Recently someone pointed out that an Ubuntu mailing list will e-mail a forgotten password back to you. And that this is wrong. Well, I agree, but…
I am never bothered when a mailing list sends me a plaintext password.
But I do something Extremely Radical: I don’t reuse passwords.
If a mailing list password of mine gets out it is only a mailing list password.
Reusing passwords is too scary. Somehow the idea of having just one (or a small number) of keys to my life and casually handing out copies to anyone who asks seems really stupid. How do I know what they are going to do with it?
Write down your passwords. Yup. Write them down. Keep a list, obscure things a little in the list, but keep a list. Put it in your wallet, keep an updated copy someplace else. If someone steals your wallet you will probably notice it and you will be able to go change passwords before the thief figures out your obscuring scheme.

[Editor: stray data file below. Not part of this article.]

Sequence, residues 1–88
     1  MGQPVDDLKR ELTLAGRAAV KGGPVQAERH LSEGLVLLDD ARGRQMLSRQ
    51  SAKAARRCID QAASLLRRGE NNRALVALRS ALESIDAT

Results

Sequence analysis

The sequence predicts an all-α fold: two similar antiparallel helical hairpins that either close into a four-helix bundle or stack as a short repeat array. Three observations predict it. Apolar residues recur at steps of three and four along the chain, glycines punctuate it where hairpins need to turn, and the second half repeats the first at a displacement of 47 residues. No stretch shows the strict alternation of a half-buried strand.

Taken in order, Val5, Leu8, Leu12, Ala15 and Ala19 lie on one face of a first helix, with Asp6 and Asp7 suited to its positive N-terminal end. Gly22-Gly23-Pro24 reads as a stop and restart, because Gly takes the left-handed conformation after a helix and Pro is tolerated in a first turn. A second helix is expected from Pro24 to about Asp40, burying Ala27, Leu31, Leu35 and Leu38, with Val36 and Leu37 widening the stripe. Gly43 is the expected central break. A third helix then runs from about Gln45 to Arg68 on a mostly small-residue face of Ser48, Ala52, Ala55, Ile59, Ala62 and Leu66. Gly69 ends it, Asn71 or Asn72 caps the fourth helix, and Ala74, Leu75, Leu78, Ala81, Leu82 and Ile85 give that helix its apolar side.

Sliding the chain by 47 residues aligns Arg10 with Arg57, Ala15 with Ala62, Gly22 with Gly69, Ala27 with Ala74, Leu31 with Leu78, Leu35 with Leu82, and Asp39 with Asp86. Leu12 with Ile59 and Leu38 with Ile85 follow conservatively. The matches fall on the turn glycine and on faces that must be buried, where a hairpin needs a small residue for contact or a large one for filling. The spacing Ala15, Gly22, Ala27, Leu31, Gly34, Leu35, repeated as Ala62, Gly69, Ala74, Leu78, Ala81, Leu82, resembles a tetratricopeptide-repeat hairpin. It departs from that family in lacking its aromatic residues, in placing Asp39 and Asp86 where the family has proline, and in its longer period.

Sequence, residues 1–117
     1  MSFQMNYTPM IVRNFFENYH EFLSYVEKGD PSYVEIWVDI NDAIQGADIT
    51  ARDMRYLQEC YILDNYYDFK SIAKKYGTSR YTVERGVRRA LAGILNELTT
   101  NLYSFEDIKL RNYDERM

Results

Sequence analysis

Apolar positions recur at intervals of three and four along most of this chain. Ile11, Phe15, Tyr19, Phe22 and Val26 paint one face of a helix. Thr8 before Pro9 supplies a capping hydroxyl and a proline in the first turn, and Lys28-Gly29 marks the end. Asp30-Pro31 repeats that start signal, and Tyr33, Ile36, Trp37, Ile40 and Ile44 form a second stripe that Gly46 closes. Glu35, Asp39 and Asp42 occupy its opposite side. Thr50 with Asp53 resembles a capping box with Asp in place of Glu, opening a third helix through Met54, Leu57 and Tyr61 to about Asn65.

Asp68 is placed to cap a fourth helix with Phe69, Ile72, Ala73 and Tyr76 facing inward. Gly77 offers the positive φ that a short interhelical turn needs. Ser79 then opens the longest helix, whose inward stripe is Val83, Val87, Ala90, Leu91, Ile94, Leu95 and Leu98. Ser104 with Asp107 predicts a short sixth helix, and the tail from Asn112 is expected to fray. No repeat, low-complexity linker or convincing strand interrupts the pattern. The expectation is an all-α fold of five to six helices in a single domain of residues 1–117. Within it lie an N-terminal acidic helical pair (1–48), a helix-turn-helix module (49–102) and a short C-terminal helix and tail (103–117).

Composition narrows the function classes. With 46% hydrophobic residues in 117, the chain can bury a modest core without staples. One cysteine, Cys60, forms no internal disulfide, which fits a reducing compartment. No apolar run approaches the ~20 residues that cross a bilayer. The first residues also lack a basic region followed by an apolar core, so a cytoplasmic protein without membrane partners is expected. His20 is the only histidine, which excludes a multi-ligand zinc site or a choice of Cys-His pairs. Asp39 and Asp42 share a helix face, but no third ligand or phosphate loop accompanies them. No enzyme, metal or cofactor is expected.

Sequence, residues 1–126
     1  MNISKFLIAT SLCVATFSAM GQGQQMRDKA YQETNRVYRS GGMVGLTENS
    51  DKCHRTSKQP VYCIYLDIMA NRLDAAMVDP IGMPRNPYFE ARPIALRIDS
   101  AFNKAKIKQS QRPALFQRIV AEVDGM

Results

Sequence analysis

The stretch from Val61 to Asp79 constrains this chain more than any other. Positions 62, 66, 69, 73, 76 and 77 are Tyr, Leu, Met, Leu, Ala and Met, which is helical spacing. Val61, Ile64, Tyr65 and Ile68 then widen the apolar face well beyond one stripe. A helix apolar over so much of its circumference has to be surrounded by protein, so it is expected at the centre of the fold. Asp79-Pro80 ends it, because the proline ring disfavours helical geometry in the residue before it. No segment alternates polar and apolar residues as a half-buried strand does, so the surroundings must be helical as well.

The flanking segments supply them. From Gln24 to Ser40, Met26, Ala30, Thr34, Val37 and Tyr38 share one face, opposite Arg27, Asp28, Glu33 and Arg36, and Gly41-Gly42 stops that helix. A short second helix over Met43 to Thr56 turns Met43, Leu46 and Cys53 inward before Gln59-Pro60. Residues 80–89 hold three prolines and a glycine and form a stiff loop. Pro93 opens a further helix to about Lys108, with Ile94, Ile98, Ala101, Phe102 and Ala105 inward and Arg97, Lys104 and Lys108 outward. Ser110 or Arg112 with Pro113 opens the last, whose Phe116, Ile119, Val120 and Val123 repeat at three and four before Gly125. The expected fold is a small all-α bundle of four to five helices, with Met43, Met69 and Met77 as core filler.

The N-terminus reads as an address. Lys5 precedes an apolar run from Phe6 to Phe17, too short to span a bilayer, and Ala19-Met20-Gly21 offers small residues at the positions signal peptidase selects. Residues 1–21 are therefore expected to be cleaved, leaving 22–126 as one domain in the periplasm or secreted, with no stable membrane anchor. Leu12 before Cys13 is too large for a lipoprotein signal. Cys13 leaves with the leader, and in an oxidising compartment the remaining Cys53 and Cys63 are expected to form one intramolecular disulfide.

But when you reuse a password and one of the various sites is broken into, first you won’t know it was broken into, second, even if you did get notified…how would you ever know what other sites you used that password on if you don’t keep a list?
Yes, it is better for mail reflectors to not send out plaintext passwords, but it wouldn’t matter much if you didn’t reuse passwords.
It should bother you that a site is mailing back your real password, but sites are constantly doing things far scarier than e-mailing a password the right person (such as letting actual criminals get a copy). You should be far more bothered by the password reuse that makes every breach have possibly unbounded consequences.
Even if a site does a password reset and e-mails a temporary password, that is also a risk. E-mailing the original password is only worse if it is used elsewhere.
Don’t reuse passwords.
-kb, the Kent who thinks expiring passwords are stupid, too.
©2011 Kent Borg